Home/Essays Examples/Health/The NHS Is “The Jewel in the Crown” of the Welfare State

The NHS Is “The Jewel in the Crown” of the Welfare State


The National Health Service was founded by the Labour government in 1948 as part of its welfare state programmes. According to Kesselman, Krieger, and Joseph (2009), the intentions of the government when establishing NHS were very noble. In fact, the scholars note that the concept dates back to the Victorian era when the royal ruler envisaged a system where government would help the poor to access basic needs such as cheap housing and affordable healthcare. This vision was achieved when the government established NHS to make healthcare services affordable to all the residents of the United Kingdom. Under various governments, this programme has faced a number of challenges, especially with the issue of founding, which has affected the quality of services it offers. The inability of this system to deliver quality services has earned it massive criticism from a section of the society that feels it is no longer serving its original purpose. These critics argue that members of the public are currently forced to take private insurance cover besides NHS to ensure that they can get quality medical care from private institutions. However, another section of the society still believes that NHS is the best thing that ever happened in the United Kingdom’s healthcare sector. In this paper, the researcher seeks to confirm that National Health Service is still the jewel in the crown of the welfare state.

The United Kingdom’s Welfare State

The welfare state in the United Kingdom was an attempt by the government to bridge the gap between the rich and the poor when it came to accessing basic needs. The idea was first developed during the Victorian era when the royal ruler realized that the poor had no access to some of the basic needs in their lives. However, the idea was never implanted because there was no clear blueprint that could be used to make it a success. However, the concept emerged again in the early 1940s during the Second World War. Prominent people such as William Beveridge were concerned about the suffering of the poor during this time. After consultation with the national government, it was announced that all the people living in the United Kingdom will be given free treatment at all public hospitals for the entire period of the war. The intention was to ensure that the country retained a population that was healthy and strong to support the military at the battlefields. The program was a success.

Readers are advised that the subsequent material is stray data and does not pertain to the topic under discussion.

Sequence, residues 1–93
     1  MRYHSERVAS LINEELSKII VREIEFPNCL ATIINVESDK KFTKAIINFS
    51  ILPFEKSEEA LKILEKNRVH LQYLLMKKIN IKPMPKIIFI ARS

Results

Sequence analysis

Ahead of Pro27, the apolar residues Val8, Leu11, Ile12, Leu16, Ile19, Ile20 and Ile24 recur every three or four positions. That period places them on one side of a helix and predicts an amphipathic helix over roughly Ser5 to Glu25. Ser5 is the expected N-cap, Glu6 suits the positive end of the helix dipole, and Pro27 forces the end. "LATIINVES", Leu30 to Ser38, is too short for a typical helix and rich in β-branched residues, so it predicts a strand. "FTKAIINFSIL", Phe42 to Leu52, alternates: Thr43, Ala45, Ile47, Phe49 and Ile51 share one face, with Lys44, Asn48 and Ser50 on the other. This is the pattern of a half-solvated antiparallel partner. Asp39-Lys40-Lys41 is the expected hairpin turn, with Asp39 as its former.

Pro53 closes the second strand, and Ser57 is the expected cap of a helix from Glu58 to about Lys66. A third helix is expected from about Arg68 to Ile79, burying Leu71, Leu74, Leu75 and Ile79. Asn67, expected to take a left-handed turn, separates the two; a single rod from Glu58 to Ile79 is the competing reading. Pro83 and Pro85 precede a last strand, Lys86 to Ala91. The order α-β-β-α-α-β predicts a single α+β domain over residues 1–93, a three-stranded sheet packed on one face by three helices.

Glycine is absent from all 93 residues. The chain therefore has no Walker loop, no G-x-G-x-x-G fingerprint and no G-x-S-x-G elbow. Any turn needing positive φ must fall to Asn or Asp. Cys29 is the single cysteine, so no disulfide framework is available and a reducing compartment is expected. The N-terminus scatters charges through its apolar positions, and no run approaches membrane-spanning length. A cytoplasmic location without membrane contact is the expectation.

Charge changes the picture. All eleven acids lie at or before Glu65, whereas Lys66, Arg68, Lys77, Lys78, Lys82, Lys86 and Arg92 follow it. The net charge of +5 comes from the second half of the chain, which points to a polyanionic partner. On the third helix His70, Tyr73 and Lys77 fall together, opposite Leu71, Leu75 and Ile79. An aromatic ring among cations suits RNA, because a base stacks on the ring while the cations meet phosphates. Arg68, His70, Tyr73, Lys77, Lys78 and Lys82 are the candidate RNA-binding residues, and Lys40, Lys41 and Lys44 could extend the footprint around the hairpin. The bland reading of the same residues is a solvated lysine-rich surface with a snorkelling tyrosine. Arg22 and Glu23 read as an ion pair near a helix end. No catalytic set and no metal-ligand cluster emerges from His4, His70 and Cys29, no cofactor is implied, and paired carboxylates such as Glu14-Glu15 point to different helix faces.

In 1942, William Beveridge published a blueprint of an ideal welfare state that could be used by the government to ensure that the poor and the rich could have access to basic human needs. The report included a publicly funded health insurance cover and cheap housing for the people in the lower social class. After the defeat of Winston Churchill’s Conservative Party, the Labour Party formed the government in 1945 led by Clement Attlee. Clement Attlee’s new government announced that it would implement the welfare state as envisaged in Beveridge Report of 1942. After a series of consultations and preparations, National Health Service was finally introduced in the United Kingdom in 1948 as part of the welfare state. Moore (2013) recalls that there was an attempt to oppose the welfare society because it was seen to be leaning more towards communism. Some politicians argued that this was a socialist agenda that should not be allowed in a society that had embraced capitalism. However, these issues were addressed and the government went ahead with its implementation programme.

Critics of National Health Service

The National Health Service has earned criticism from a section of the society that believes that it is no longer serving the purpose for which it was meant. According to Kesselman, Krieger, and Joseph (2015), NHS is may be a jewel in the crown of the welfare state only in name but not in practice. Over the years, the successive governments in the United Kingdom have reduced its funding to this programme, making its implementation very challenging. It is through the tax that the government gets money to fund this project. However, lack of strict and very clear regulatory policies that determines the minimum amount of money that the government should be spending in NHS has given it a leeway to manipulate this fund, a problem that has starved the institution for a very long time. NHS has remained a tool used by politicians to win the electorates’ votes. Once elected to the office, they forget their promises to the public and focus on issues that matters most to them.